There are only about 220 outlet centers in the U.S. vs. roughly 1,000 malls, according to research firm Green Street Advisors. That represents only roughly 1 percent of all U.S. retail properties.

Meanwhile, the outlet centers that are getting developed continue to be developed closer to major population centers and more are being built as part of mixed-use developments.

“As we evolve to more hybrid centers, we have the opportunity to finetune tenant mixes and keep the offering fresh and exciting,” Wagner notes. “That nimbleness will keep us in the game of bricks-and- mortar for the future.”

Higher occupancy than malls

U.S. outlets reported an occupancy rate of 95.7 percent in the third quarter of 2019, according to Green Street.

Tanger reported 97 percent occupancy in the fourth quarter of 2019, while Simon reported 95.1 percent occupancy at year-end across its malls and outlet centers.

Meanwhile, the U.S. regional mall vacancy rate hit a 20-year high of 9.7 percent in the fourth quarter, Reis Moody’s Analytics reported. Mall landlords anticipate more retailers will close, including Pier One Imports, which is the latest to file for bankruptcy.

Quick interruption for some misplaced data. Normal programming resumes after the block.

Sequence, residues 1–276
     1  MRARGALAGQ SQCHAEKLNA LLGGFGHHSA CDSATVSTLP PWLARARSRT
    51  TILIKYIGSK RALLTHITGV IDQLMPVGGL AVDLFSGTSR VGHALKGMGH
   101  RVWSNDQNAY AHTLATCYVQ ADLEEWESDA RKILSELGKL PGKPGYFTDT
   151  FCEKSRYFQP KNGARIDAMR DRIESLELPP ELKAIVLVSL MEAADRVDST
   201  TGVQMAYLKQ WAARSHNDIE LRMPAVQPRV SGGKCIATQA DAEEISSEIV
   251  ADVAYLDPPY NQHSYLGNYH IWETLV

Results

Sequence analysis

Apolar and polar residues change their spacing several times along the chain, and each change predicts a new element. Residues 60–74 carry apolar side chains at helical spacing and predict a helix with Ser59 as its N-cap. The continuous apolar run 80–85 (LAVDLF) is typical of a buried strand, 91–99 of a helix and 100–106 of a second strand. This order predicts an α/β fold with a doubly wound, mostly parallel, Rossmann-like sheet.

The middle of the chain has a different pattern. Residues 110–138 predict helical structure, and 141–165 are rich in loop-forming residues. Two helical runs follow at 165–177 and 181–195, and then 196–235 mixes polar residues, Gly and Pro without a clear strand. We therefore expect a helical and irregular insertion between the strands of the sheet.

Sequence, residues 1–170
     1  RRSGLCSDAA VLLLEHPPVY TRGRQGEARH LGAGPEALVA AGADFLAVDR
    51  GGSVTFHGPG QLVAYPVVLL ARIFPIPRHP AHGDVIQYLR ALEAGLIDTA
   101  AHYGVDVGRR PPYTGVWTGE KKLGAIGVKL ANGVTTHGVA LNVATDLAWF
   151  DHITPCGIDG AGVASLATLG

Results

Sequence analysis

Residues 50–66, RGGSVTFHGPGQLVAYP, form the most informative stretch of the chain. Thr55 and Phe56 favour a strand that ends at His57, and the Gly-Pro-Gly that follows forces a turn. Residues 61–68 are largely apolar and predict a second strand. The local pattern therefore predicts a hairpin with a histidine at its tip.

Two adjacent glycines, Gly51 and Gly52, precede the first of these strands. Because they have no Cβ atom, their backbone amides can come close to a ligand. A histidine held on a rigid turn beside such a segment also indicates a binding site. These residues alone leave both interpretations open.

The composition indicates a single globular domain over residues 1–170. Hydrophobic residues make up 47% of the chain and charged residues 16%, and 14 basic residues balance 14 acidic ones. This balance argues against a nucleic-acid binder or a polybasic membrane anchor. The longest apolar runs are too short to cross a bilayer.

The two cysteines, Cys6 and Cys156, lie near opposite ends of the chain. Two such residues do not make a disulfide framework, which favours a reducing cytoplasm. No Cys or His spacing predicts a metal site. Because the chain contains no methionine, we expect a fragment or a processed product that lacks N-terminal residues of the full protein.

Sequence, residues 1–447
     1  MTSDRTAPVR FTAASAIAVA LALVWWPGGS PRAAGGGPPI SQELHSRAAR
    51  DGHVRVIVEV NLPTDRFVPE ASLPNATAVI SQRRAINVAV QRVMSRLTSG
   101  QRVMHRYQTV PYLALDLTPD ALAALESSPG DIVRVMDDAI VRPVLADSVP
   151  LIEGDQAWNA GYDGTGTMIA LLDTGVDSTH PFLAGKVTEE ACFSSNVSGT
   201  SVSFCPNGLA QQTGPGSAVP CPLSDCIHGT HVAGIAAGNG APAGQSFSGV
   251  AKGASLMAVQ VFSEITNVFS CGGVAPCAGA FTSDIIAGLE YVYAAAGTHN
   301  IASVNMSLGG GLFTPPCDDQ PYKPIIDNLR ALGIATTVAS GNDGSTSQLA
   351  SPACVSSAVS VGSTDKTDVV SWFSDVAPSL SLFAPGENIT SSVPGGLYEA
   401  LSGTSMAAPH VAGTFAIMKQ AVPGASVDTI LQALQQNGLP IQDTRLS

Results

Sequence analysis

Outlet centers are also at less risk from large tenants’ closures and bankruptcies since they don’t have anchor tenants. They don’t have to deal with struggling department stores like J.C. Penney, Sears and Macy’s shuttering locations and leaving behind huge chunks of space.

“The tendency toward smaller store units certainly helps make it less risky,” Wagner says.

What about the impact of e-commerce?

Some industry experts says outlet shopping is not easily duplicated online, since it’s about the treasure hunt experience. “Outlet shopping is still a commodity for shoppers,” Ferris says.

However, that’s not to say that outlet landlords aren’t fully aware of Amazon and other big online players’ impact.